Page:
East’s MPs dancing to Theresa May’s tune
- Credit: PA Wire/PA Images
Dancing Queen Theresa May has been backed by East Anglia's MPs after delivering an 'optimistic' conference speech.
The prime minister attempted to unite her party after a fractious conference in Birmingham that was dominated by interventions on Brexit by former foreign secretary Boris Johnson.
And in an audacious bid to win the crowd over she even jigged on to the stage as Dancing Queen boomed out in the hall – a gag that recalled her dancing with African school children in the summer.
That, and other jokes about last year's disastrous speech, were well received by the faithful.
In a clear plea for both her party and the country to unite over Brexit she said: 'A second referendum would be a 'politicians' vote': politicians telling people they got it wrong the first time and should try again.
You may also want to watch:
'Think for a moment what it would do to faith in our democracy if – having asked the people of this country to take this decision – politicians tried to overturn it.
'Those of us who do respect the result – whichever side of the question we stood on two years ago – need to come together now.'
- 1 County welcomes tankers but motorists continue to queue for fuel
- 2 Norfolk wakes up to empty pumps – despite assurances of ‘ample fuel stocks’
- 3 Revealed: Where most parking tickets have been issued in Norfolk
- 4 Key workers share 'unnecessary and frustrating' impact of panic-buying
- 5 Weird Norfolk: Is Diss Mere the waterlogged crater of an extinct volcano?
- 6 Huge seaside home with indoor pool for sale for £600,000
- 7 Q&A: All you need to know about fuel shortages
- 8 Search continues for man with knife who chased victim into KFC
- 9 Controversy reignited over 300 home scheme on edge of Norwich
- 10 Queuing for petrol - a tale as old as time
And she declared an end to austerity, saying: 'When we've secured a good Brexit deal for Britain, at the spending review next year we will set out our approach for the future.
'Debt as a share of the economy will continue to go down, support for public services will go up. Because, a decade after the financial crash, people need to know that the austerity it led to is over and that their hard work has paid off.'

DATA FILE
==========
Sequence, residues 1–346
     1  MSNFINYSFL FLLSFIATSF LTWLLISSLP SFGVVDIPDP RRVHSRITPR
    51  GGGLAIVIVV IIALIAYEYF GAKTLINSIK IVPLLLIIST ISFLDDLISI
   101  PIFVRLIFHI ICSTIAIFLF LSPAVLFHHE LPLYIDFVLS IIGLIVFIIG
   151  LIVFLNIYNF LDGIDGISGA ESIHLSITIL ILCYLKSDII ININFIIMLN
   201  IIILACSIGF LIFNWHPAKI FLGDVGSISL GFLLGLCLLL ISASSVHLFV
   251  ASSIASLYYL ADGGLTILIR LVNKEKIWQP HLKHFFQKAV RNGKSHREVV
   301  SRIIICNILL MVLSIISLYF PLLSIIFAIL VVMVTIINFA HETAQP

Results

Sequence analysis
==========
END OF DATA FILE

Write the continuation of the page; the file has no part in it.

And East of England MPs backed the prime minister.
North West Norfolk MP Sir Henry Bellingham said: 'I've heard over 40 Conservative PM's and leader's speeches, and this was one of the very, very best.
'An exceptionally well-crafted and confidently-delivered speech which combined optimism and aspiration with a really strong and credible plan for Brexit. She also made a compelling case for capitalism and free markets, whilst demolishing Corbyn's extreme socialism.'
Colchester MP Will Quince added: 'This was a brand refresh for the prime minister and a really brilliant speech. It was funny and showed a human side to her – a side we in Westminster see all the time.
'There was a positive message on Brexit which is important. And I think everyone will be very optimistic now going forward.'
But not everyone agreed. Labour East of England MEP Alex Mayer said: 'Theresa May might have danced on to the stage but her speech shows she is out of step with the country.
'In a speech about opportunity it's a crying shame the PM didn't take the opportunity to explain how she would tackle the social care crisis, or the chaos on the railways or per pupil funding in the classroom.'
And the spectre of Mr Johnson will linger on.
Mrs May took to the stage less than 24 hours after 1,500 delegates gave a thunderous standing ovation to Mr Johnson as he branded her Brexit plans a 'constitutional outrage' that would humiliate Britain.
And just an hour before she took the stage there was more bad news for the PM when Tory MP James Duddridge announced he had written to the chairman of the Conservative 1922 committee calling for a change of leader. In the letter he wrote: 'I write this with heavy heart however we now need a proper leadership election and to move on.'
During her speech the prime minister made a direct appeal to mainstream Labour voters disillusioned by Jeremy Corbyn's left-wing agenda to switch to the 'decent, moderate, patriotic' Tories.
She borrowed the Labour leader's 'For the many, not the few' slogan declaring that Conservatives are 'a party not for the few, not even for the many, but for everyone who is willing to work hard and do their best'.
Addressing Labour voters directly, Mrs May said: 'Millions of people who have never supported our party in the past are appalled by what Jeremy Corbyn has done to Labour.
'They want to support a party that is decent, moderate and patriotic. One that puts the national interest first.'
More than two hours before Boris Johnson's speech people began queuing to get in.
And not all of them were lucky enough to witness that particular piece of political theatre.
But there were queues again before the prime minister was set to take to the stage to deliver her crucial message of unity to the party and the country.
In fact the line snaked much of the length of the main conference concourse.
One MP was confused though: 'There have never been queues here before. I can only think the doors are being kept shut on purpose. I think Mrs May's people want to show that she can attract a crowd as well.
'I think this is a case of 'anything you can queue, I can queue better'.'
And some people in line revealed they had suffered a similar long wait the day before. 'My main memory of this conference will be standing in line,' one quipped. And another added: 'It is very British though isn't it? Splendid.'